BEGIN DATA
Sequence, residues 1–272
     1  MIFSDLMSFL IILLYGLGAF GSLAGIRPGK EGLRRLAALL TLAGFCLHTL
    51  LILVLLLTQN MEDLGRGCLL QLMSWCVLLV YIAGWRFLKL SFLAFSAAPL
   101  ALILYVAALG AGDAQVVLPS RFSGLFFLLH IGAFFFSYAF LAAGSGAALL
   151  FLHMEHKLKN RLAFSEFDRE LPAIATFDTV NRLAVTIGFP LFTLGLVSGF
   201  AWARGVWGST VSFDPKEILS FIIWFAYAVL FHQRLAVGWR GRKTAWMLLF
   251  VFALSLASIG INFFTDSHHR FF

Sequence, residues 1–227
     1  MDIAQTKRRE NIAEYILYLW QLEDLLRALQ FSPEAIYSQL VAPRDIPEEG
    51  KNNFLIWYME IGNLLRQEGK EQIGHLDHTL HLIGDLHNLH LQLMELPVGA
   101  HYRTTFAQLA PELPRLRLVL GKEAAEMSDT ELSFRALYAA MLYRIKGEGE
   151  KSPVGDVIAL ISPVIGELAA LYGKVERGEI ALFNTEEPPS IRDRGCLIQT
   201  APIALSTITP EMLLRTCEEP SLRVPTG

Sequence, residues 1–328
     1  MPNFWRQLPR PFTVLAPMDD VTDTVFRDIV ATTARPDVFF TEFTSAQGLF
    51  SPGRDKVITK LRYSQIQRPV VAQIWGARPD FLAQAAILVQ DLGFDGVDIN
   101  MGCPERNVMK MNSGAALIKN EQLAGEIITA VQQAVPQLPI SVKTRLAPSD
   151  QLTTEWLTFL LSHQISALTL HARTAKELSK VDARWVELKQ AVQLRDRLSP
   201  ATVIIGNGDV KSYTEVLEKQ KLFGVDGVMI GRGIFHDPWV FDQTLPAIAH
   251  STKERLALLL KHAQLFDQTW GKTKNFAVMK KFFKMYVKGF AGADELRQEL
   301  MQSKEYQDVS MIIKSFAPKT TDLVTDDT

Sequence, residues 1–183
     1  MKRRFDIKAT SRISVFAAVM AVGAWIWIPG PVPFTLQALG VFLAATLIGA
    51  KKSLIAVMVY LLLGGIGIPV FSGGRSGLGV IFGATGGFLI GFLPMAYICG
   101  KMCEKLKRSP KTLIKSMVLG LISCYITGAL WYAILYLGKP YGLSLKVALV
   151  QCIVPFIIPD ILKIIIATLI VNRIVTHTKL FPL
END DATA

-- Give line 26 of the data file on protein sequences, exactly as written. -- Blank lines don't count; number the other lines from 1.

   151  QCIVPFIIPD ILKIIIATLI VNRIVTHTKL FPL